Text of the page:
I will admit, I am a born and raised city boy. There was a little bit of ag culture left in the area when I was young but it’s long gone now. And if you think I’m kidding, bear in mind I live in Silicon Valley. Good luck finding an orchard anywhere around here nowadays!
But in spite of that, and probably due to my upbringing, I do love to get out the city. That comes in a lot of forms (camping, hiking, backpacking, road trips etc.) but sometimes I just love to get out and go into the country.
Rustic stuff is what it boils down to, to avail myself of a grossly overused word. Put more specifically, the parts of the world where “dirt” isn’t a 4-letter word. Places that looks well-used and worn in, and that are more concerned with functionality than clean and perfect aesthetics.
Or to beat a dead horse, consider the aesthetic of the original 3 Star Wars movies vs. the CG-dominated prequels. One looks “real,” and the other looks like a graphic designer was given free reign and a bunch of very fun illegal drugs.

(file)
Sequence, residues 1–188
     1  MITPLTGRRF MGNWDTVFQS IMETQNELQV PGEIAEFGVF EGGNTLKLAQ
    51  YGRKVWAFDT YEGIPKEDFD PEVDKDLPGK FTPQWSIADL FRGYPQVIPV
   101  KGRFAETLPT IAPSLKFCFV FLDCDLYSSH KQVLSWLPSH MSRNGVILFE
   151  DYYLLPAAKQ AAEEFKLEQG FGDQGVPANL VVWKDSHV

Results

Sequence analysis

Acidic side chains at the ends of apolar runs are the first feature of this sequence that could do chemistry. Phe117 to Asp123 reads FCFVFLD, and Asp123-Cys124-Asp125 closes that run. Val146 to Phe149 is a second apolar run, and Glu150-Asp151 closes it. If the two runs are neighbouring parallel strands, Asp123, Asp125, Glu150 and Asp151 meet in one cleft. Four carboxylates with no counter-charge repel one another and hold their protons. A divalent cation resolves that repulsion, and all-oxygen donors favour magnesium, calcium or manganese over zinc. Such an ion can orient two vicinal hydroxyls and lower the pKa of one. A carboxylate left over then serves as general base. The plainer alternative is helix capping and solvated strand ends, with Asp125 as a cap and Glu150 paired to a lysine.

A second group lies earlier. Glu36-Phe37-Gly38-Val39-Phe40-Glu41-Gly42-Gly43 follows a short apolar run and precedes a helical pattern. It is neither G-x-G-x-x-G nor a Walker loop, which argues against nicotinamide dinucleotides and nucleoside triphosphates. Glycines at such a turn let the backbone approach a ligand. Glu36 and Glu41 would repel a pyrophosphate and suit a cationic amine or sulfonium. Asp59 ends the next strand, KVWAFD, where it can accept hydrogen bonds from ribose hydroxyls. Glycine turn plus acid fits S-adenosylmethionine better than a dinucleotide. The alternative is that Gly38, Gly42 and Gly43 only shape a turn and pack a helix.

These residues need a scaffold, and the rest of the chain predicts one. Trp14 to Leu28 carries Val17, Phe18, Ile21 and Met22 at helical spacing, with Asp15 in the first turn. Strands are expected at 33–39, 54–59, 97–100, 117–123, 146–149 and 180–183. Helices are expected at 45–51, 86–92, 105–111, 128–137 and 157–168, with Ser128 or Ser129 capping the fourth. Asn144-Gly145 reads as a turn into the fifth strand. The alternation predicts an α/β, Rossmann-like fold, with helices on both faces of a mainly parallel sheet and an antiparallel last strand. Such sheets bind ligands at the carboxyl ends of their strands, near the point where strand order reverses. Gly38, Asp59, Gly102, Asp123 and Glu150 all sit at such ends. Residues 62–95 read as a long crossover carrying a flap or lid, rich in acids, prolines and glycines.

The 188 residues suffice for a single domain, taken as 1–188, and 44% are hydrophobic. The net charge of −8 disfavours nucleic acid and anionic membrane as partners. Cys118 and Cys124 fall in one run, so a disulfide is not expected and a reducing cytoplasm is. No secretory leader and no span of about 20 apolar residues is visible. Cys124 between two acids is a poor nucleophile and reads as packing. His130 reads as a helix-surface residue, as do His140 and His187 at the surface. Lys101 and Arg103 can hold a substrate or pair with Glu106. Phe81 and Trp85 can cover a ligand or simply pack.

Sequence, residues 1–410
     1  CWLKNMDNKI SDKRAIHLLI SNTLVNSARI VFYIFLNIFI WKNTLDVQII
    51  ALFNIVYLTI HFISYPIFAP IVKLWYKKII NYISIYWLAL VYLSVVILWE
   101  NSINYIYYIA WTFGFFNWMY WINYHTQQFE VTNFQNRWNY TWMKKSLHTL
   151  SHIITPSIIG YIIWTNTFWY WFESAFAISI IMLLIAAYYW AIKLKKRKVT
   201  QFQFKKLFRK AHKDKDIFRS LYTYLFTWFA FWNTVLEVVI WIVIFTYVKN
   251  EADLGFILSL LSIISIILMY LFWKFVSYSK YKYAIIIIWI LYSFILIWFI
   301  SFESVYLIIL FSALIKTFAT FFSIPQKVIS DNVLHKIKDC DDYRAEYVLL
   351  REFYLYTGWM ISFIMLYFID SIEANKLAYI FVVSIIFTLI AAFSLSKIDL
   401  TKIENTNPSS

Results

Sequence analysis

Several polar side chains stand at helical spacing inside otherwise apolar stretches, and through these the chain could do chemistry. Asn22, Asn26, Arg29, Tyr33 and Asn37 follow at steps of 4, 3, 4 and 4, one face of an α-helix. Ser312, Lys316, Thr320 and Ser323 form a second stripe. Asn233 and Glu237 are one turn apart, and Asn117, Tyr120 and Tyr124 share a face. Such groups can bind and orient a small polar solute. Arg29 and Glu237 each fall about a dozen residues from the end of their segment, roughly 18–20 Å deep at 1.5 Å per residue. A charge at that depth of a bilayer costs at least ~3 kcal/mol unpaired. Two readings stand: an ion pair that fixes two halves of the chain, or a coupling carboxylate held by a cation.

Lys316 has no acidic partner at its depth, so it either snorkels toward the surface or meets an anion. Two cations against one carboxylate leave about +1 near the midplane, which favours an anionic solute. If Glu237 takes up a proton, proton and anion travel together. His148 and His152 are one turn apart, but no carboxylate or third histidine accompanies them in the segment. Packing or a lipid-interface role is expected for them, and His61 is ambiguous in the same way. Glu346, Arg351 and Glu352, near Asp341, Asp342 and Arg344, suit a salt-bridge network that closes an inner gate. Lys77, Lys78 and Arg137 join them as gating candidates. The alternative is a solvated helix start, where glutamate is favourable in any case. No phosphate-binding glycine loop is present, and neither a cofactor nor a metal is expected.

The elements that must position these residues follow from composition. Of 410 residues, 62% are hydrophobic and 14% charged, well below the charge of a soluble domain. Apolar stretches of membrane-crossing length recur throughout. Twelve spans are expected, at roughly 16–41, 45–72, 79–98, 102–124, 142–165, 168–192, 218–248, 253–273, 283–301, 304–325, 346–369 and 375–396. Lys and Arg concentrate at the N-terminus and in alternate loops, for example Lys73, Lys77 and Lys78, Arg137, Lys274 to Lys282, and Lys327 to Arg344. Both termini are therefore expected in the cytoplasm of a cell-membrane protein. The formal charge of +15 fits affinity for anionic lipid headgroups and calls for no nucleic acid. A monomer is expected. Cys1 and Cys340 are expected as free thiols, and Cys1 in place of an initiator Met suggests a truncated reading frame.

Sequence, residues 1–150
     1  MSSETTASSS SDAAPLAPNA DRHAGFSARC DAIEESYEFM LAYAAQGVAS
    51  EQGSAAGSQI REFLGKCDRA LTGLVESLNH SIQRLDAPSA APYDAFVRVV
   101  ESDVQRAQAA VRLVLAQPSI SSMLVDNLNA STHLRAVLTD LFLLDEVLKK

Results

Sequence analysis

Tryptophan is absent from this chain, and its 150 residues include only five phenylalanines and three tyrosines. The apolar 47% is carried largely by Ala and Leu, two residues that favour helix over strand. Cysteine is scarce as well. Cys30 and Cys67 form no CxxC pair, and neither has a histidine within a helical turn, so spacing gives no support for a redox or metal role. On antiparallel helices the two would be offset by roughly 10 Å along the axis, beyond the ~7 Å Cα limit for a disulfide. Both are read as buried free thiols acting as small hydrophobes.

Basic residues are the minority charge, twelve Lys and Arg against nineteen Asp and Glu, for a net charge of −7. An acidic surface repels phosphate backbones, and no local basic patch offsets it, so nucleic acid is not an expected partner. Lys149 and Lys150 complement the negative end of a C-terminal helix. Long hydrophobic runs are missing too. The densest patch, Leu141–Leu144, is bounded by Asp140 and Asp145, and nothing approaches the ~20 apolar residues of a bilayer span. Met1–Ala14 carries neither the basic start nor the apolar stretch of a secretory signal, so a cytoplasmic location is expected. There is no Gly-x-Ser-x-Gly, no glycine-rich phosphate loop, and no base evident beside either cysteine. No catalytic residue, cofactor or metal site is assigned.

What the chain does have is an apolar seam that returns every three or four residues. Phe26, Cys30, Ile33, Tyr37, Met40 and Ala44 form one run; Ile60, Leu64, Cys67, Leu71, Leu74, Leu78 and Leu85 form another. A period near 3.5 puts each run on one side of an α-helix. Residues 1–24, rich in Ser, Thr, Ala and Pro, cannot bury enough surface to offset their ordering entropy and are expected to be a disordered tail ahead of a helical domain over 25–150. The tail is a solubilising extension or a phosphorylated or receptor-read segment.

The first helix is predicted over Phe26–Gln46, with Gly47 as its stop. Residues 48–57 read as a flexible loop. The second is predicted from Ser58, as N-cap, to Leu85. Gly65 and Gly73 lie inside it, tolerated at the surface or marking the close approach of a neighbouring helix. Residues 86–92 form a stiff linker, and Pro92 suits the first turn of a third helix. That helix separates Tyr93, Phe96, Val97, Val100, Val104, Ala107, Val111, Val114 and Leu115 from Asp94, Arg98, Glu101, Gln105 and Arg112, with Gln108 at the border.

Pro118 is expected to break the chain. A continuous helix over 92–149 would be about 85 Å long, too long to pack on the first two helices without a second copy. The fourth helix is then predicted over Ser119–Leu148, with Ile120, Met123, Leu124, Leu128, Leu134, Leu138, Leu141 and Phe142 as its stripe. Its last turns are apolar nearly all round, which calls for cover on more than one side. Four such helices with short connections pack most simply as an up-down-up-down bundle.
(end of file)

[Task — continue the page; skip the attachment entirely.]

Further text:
That lack of sterility, that sense of “real”ness, appeals to me. But I suspect it is exactly because I live in a city. If I lived in, say, Fairbanks or Kalispell, I can imagine I’d be damn nostalgic for SV or San Francisco, and longing to take a shot of a city skyline.
Hence the name of this post about that darn grass. The real trick is, and heaven knows it’s as hard in photography as it is in life: push yourself to see what’s best in what’s around you. And if you have a hard time, go look at the thing you think you want, and then compare it against what’s at home.
Just don’t go to bed with it if it’s human unless you have a divorce lawyer and a pre-nup handy.